This was just an ugly game with 14 total walks (7 per team), the balk, the error, and taking nearly 4 hours to complete. I could only hope that was the low point of the weekend.

Game 2 - Atlanta 5, Toronto 2

The Braves play Saturday games at 4:05, a rather odd time that essentially prevents you from doing much else that day if you want to get there early to tour the park. It was another celebration, this time featuring Sid Bream's slide that won the 1992 NLCS. A very cool bobblehead (below) was given to the first 20,000 fans and Bream, Francisco Cabrera, and umpire Randy Marsh participated in a pre-game ceremony. No word on Pirates' catcher Mike Lavalliere's absence, but he must have OK'd his likeness. All 3 figures are bobbleheads by the way.



Once the festivities were over, the Braves sent Tommy Hanson to the mound (below) while the Jays countered with rookie Drew Hutchinson. Hutchinson only gave up one walk, but it hurt. With two out in the 3rd and a runner on, Brian McCann drew the free pass. Uggla was up next and crushed a 1-1 offering to centre for a 3-run dinger and the lead.



Jose Bautista hit his 2nd homer in 2 days (below), a 2-run shot to make it close in the 6th, but Hutchinson gave up a solo shot to Simmons in the 7th, his first MLB home run that made it 4-2.



The Braves added one more in that inning and Hanson pitched a 3-up 3-down 8th to finish his strong outing. Kimbrel closed with his league-leading 18th save and yet again I sullenly returned to my hotel after a Jays' road loss.

Game 3 - Toronto 12, Atlanta 4

This battle began in a light drizzle with Ricky Romero taking on Baseball America's #5 prospect Julio Teheran (below), called up for a spot start in place of Tim Hudson, who was battling bone spurs.



Teheran was solid, yielding only a broken bat single to Encarnacion (below) through four frames, while Romero struggled, giving up four runs in his four innings before being lifted for a pinch hitter in the top of the fifth.



At this point, Teheran seemed to hit a wall, giving up 3 hits and a walk as the Jays plated a run. Livan Hernandez came in with the bases loaded and promptly gave up three singles and a double that allowed five more Jays to score and suddenly it was 6-4! Romero was off the hook, but could the bullpen hold the lead?

Fortunately, the Jays' offense had finally come to life. With 2 out in the 6th, the Jays elected to let reliever Carlos Villanueva hit for himself. He managed a lucky single off Hernandez and then Lawrie crushed a ball to left for a 2-run shot. Rasmus followed with a homer to right and the rout was on. Toronto added two more in the 7th and another in the 8th to win 12-4 and take one of three, a usual occurrence when I see them on the road.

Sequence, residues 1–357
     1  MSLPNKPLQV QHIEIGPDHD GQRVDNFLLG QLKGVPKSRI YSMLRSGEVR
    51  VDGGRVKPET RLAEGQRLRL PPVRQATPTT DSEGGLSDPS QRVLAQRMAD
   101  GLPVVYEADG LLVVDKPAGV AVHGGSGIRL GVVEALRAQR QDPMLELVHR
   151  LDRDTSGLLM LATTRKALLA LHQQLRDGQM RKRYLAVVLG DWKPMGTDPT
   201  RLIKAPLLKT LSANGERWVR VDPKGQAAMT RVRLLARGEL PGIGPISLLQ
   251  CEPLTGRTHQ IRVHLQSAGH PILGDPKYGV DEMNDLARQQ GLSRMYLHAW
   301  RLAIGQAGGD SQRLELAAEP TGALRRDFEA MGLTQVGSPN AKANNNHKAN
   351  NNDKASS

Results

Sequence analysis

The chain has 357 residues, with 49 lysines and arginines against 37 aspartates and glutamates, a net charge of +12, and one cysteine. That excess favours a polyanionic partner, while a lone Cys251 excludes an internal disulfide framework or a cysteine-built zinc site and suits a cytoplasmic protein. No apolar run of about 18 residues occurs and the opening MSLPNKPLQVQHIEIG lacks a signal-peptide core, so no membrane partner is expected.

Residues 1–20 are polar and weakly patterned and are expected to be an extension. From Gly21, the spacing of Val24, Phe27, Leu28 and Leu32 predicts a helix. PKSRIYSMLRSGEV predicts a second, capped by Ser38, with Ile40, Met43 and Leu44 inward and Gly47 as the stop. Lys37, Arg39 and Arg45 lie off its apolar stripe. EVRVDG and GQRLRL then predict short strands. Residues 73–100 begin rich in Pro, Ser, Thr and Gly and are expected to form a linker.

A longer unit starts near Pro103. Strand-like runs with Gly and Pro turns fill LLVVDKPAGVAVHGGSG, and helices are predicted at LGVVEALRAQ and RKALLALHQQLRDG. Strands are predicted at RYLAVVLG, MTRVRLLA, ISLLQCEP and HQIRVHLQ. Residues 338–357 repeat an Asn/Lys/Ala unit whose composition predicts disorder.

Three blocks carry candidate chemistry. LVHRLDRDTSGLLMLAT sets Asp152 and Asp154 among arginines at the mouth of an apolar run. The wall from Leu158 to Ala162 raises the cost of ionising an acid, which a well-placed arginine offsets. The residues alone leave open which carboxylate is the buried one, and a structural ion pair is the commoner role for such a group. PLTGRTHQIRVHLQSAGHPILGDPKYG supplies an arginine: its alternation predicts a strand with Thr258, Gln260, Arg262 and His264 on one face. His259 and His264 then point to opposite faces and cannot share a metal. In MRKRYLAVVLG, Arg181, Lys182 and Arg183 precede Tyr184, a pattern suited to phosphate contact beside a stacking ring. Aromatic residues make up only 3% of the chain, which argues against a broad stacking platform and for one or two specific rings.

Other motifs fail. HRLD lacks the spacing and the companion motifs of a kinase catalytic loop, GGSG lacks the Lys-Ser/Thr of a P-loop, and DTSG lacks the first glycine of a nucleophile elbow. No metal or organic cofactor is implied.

The Jays had managed only 11 hits in the first 22 innings of the weekend, and then pounded out 17 knocks in the last 5 frames. They are such a streaky team this year and are 31-29 now. Hope they are on a hot streak in two weeks when I see them in Miami.

Notes




The second most historic moment to take place at Fulton County Stadium was the Blue Jays' 1992 World Series victory, but for some reason, this is not commemorated. Thankfully, the Braves maintain the outline of the basepaths in the parking lot and so you can visit where first base once lay. This is the spot where Joe Carter took the toss from Mike Timlin to clinch the series. I was by myself so could not re-enact the famous moment but did take pictures. Above is home plate and the first base line. Below is first base, the site of the happiest moment of my life. 

This is the Mecca for Blue Jays fans!

I really want to hate Braves' fans with their stupid Tomahawk chop (they also do the wave at times), but they were so friendly when they saw my Blue Jays jersey, amiably chatting with me at the ballpark and around the city, so I have to give them grudging respect.

The big Coke bottle in left field has its label changed during the national anthems. The singer on Sunday messed up the words to O Canada as well.


MLB.com says the Jays' record in interleague play is 54-82, so maybe I should rethink my plan to see them play in every NL ballpark.

Next Up

I'm on my way to Jacksonville to begin nearly three weeks in the Sunshine State. Every day will see at least one ballgame on the schedule, so check back often for updates.

Best,

Sean

2 comments:

  1. Great shots of Turner Field. Other than the result, looks like a wonderful weekend Sean...

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  2. Ive been a Braves fan ever growing up. Since I live in North Carolina and my family has all of our life, it kinda had become my states 'home team' if you can call it that.